One of the two pockets one either side of a pool table halfway up the long rails. They are cut shallower than corner pockets because they have a 180 degree aperture, instead of 90 degrees. In the UK the term centre pocket or middle pocket are preferred.
24 Random Essential Billiards Terms
A shot aimed so that the center of the cue ball is in line with the edge of the object ball, eclipsing half of the ball. "Hit it just a little thinner than half-ball." Assuming a cling does not occur, the shot will impart post-contact momentum on the object ball in a direction 30° (which is arcsin(1 - x), where x is the fraction of object ball eclipsed: ½ in this case) off the direction of the cue-ball's pre-contact momentum. Also notable because the carom angle the cue ball takes is more consistent than at other contact points.
A tournament format in which a player is out of the tournament after a single match loss.
A short, jabbed draw stroke usually employed so as to not commit a foul (i.e. due to following through to a double hit) when the cue ball is very near to the target object ball.
This is a game played with the same balls and similar scoring methods of carom, but with pockets on the table, and more scoring opportunities awarded when certain balls are sunk in combination.
A British term (especially in snooker) for the splitting of a group of balls when another ball is sent into them, typically with the intent of deliberately moving them with the cue ball to develop them.
Alternate name for the cue ball.
In carom billiards games, a term for the opponent's cue ball, which for the shooting player is another object ball along with the red.
1- Short for "pool shark", poolshark (US); sharp, "pool sharp" (British)
Verb: To perform some act or make some utterance with the intent to distract, irritate or intimidate the opponent so that they do not perform well, miss a shot, etc. Most league and tournament rules forbid blatant sharking, as a form of unsportsmanlike conduct, but it is very common in bar pool.
Noun: Another term for hustler.
Noun: A very good player. This usage is common among non-players who often intend it as a compliment and are not aware of its derogatory senses .
Also tiptool, tip-tool. Any of a class of maintenance tools for cue tips, including shapers, scuffers, mushroom trimmers, tappers, burnishers and tip clamps. Road, league and tournament players often carry an array of tip tools in their cases. The term is generally not applied to cue chalk.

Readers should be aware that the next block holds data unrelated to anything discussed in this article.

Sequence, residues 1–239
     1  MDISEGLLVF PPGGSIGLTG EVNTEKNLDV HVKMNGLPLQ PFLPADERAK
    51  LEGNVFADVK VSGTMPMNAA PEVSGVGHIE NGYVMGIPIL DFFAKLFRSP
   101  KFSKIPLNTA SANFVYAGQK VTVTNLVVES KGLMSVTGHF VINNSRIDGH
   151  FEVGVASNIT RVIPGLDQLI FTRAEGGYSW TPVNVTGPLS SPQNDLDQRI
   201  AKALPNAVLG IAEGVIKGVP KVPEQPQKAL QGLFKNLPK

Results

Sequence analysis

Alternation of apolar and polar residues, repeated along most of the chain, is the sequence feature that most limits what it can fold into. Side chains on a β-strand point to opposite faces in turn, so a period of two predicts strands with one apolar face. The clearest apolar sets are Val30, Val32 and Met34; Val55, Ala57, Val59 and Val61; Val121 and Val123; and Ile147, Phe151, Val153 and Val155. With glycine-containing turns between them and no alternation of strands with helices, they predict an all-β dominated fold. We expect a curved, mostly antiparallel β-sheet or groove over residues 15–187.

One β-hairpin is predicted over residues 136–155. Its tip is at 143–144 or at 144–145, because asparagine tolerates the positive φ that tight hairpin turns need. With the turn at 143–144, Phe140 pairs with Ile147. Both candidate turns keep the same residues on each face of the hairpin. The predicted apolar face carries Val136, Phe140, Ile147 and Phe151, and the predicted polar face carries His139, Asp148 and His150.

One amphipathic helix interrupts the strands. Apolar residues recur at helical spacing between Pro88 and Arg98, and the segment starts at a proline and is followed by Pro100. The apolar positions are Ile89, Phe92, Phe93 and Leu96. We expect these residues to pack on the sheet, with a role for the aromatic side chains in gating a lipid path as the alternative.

A geometric form, usually aluminum, wooden or plastic, used to assist in setting up balls in games like eight-ball, nine-ball, and snooker. The rack allows for more consistently tight grouping of balls, which is necessary for a successful break shot. In most games a triangle-shaped rack capable of holding fifteen balls can be employed, even if the game calls for racking less than a full ball set, such as in the game of nine-ball. For further information, see the Rack (billiards) main article.
In some games, refers to a single frame.
3d 10h 1m 35s
8d 9h 38m 42s
20d 14h 9m 15s
The forward rotation of the cue ball that results from a follow shot. Also known as top spin or top, follow is applied to the cue ball by hitting it above its equator, causing it to spin more rapidly in the direction of travel than it would simply by rolling on the cloth from a center-ball hit. Follow speeds the cue ball up, and widens both the carom angle after contact with an object ball, and angle of reflection off a cushion.
During a set if the opponent does not win a single game, they are said to have been skunked.
This is when you strike a cue ball off center to gain control on the movement on the cue ball.
A form of Carom billiards for the masters of the game. Played the same way with two cue balls and a single object ball. Except, in between hitting the opponent's cue ball and the object ball your cue ball must bounce off of three rails (this game is played with an unpocketed specially sized table).
This is a simple method of gambling where bets are determined between each game instead of playing matches.
This is a toned down masse shot. The cue is elevated a little and will curve a little in the direction the spin is applied. This is used to sneak around difficult shots.
The non-red colored ball meant to be pocketed in a game of snooker, or the next ball meant to be pocketed in a particular game.
A term used to indicate balls that are frozen, or close enough that no matter from which angle they are hit from the combination will send the outer ball the same direction. "Are the 2 and 7 pointing at the corner?? Okay, I'll use that duck to get position way over there."
Chiefly American, and largely obsolete: Same as referee.
This refers to how a player is playing on a particular occasion (a player's skill level). If their game is good, then they are at a high speed, but if they are not playing up to their potential, then they are playing at a lower speed.
16d 10h 31m 55s
8d 17h 31m 29s
7d 22h 4m 29s
Also known as a "Dirty Defense" or "Dirty Foul". To intentionally miss a shot (that results in a foul) in order to create a position for the cue ball that makes it hard for the other player to execute their shot. Not to be confused with a "Safety", since a safety is a legal hit.
In snooker, the highest-value baulk colour, worth 4 points.
The BCA Pool League is one of the major amateur pool leagues in the United States and is present in over a dozen other countries outside the U.S., with a significant presence in Canada
Certain rules say you must designate your shot before taking it. Generally this is just calling the ball to be sunk in which pocket, and is not dependent on touching rails or other balls, but very well can be.
This is to miss your shot but either luckily or on purpose leave your opponent with nothing to shoot at.